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Sundby Decides Against Doping Appeal

An elated Martin Johnsrud Sundby of Norway crosses the finish line at the top of Alpe Cermis to wrap up his second consecutive Tour de Ski title in Val di Fiemme, Italy, in 2015. He lost that title for a doping violation. (Photo: (Photo: Val di Fiemme/www.fiemmeworldcup.com)

An elated Martin Johnsrud Sundby of Norway crosses the finish line at the top of Alpe Cermis to wrap up his second consecutive Tour de Ski title in Val di Fiemme, Italy, in 2015. He lost that title for a doping violation. (Photo: (Photo: Val di Fiemme/www.fiemmeworldcup.com)

Norwegian cross-country skier Martin Johnsrud Sundby has decided not to appeal a two-month suspension he received for using a high dose of asthma medicine.

Sundby’s suspension came from the Court of Arbitration for Sport (CAS), and he was considering an appeal to the Swiss Supreme Court. It is unusual for sports-related cases which reach the CAS level to be brought into federal courts afterwards.

“The important thing for me was to find out if the possibility existed, because I’m not a lawyer and I had no clue,” he told Norway’s NRK broadcaster.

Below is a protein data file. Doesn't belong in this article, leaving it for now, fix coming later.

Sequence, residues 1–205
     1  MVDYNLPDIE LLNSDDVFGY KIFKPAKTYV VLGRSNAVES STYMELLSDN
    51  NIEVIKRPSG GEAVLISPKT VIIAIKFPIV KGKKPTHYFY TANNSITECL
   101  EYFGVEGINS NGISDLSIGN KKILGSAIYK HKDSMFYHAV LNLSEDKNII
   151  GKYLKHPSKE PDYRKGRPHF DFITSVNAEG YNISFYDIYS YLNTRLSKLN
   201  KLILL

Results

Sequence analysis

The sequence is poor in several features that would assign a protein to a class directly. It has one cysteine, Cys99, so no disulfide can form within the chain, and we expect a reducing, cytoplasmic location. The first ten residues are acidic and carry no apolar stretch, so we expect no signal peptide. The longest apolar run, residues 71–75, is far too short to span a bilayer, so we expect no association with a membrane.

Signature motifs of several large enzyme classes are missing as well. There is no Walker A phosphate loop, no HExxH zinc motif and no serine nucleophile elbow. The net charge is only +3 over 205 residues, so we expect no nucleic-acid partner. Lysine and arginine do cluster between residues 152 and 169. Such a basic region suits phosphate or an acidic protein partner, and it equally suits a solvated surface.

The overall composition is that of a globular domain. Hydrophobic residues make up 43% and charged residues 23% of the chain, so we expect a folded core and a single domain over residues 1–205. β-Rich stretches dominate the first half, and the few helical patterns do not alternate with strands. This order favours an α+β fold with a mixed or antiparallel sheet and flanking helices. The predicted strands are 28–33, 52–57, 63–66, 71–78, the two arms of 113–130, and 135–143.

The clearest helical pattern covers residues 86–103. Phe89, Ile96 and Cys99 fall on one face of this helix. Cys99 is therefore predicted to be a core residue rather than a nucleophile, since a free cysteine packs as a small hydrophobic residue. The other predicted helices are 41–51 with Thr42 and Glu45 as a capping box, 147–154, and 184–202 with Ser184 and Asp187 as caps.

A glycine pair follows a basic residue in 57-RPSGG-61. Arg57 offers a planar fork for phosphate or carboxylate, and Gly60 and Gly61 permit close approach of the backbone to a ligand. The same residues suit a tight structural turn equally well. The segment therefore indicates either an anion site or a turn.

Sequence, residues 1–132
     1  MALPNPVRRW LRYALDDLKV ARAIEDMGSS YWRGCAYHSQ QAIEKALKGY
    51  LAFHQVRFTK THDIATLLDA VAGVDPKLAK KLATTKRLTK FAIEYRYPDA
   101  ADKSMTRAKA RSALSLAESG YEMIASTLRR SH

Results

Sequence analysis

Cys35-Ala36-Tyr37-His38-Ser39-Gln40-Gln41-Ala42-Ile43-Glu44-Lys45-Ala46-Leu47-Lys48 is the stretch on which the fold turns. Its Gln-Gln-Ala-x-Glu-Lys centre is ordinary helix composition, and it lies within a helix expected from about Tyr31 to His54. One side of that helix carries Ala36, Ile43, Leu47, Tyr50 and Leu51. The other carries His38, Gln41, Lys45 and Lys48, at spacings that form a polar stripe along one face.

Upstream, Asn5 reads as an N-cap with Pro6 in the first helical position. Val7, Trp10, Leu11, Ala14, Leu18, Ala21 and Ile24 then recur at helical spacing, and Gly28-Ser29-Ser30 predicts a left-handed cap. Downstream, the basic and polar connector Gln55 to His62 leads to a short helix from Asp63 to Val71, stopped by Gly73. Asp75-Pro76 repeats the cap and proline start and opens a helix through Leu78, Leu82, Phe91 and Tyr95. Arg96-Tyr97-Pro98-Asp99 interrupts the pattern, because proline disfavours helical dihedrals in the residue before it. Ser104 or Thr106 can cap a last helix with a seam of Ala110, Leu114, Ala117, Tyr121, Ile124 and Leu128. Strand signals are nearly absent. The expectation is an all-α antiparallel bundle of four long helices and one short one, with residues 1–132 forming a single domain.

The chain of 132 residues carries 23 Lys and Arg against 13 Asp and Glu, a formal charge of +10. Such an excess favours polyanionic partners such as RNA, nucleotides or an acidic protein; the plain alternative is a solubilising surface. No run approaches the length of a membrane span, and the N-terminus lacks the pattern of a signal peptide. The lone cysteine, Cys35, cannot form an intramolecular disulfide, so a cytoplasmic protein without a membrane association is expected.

He revealed that after consulting with Swiss lawyers, it did not seem like he had a good chance of winning an appeal. Any case he brought to the Swiss Supreme Court would have been based on procedure, not on the facts of the case. Sundby said that he decided against an appeal because he did not wish to drag the process out longer.

It is unclear whether he also faced pressure from his own country. The Norwegian Ski Federation publicly backed him, as their team doctor had prescribed the asthma medication and the federation believed that in doing so, no rules were broken.

But 2014 Olympic slalom medalist Henrik Kristofferson recently told NRK that he found the rampant use of asthma medication by his country’s cross-country skiers “comical” and that Norway should clean up their own house before pointing fingers at Russia or Finland over doping allegations.

Then, Norwegian Minister of Culture Linda Hofstad Helleland, in supporting the work of the World Anti-Doping Agency (WADA), said that Sundby’s case was proof that the system worked.

“If someone is in a gray area, then it has to be taken seriously,” she told VG. “It cannot be trivialized.”

Sundby’s sentence was clear, she said, and “then we have to deal with it.”

Sundby has now finished his suspension, but the lasting mark on his resumé will be nullified results from two competitions, which ultimately cost him the 2015 Tour de Ski and overall World Cup titles.

–Chelsea Little

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